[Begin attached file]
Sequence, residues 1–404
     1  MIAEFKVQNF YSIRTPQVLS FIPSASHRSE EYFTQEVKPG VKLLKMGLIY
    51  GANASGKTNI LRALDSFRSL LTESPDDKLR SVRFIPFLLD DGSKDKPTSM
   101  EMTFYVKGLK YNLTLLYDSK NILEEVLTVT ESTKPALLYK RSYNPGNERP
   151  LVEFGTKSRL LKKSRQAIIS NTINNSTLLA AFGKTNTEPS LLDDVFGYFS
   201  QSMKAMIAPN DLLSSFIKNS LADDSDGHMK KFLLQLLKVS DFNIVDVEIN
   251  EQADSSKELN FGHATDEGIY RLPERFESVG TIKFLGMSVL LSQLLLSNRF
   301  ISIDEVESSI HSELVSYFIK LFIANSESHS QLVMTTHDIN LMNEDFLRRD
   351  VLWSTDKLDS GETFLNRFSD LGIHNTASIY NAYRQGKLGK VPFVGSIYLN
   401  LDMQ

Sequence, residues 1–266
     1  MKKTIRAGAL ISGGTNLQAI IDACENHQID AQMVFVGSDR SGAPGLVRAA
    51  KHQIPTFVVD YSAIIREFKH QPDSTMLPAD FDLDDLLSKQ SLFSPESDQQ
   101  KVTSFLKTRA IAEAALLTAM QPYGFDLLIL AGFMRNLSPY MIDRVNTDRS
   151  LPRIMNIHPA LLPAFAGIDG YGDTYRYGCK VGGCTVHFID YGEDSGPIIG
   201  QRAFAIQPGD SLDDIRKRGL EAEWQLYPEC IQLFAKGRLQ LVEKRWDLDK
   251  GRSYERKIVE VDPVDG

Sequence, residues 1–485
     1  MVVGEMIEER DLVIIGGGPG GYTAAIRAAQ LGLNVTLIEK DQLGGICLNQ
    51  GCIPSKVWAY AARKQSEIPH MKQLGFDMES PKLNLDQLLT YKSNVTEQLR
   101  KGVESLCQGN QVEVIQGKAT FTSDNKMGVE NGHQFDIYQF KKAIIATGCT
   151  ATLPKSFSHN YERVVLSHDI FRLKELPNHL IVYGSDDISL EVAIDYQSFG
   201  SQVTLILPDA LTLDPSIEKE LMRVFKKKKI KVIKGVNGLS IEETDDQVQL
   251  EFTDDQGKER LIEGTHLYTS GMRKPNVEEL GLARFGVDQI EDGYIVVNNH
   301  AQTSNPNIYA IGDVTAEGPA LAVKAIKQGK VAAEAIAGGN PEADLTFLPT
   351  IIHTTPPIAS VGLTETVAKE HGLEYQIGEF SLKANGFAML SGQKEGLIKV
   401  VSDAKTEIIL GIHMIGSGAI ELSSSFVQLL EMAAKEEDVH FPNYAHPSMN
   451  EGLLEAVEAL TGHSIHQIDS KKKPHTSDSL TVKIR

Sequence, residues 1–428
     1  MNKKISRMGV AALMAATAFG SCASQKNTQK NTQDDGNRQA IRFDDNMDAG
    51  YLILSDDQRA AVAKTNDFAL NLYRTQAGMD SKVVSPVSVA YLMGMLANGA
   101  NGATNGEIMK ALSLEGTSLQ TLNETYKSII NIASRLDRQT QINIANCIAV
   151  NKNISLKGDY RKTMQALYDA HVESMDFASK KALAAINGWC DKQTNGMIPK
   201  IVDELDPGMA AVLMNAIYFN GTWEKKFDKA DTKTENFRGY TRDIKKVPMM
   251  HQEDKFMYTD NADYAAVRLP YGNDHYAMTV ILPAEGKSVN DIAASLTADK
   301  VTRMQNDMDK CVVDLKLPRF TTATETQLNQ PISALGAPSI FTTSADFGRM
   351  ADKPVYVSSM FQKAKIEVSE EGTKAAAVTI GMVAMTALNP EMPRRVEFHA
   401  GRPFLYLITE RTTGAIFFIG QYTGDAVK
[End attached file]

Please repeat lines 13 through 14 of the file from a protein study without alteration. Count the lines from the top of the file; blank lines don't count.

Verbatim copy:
    51  KHQIPTFVVD YSAIIREFKH QPDSTMLPAD FDLDDLLSKQ SLFSPESDQQ
   101  KVTSFLKTRA IAEAALLTAM QPYGFDLLIL AGFMRNLSPY MIDRVNTDRS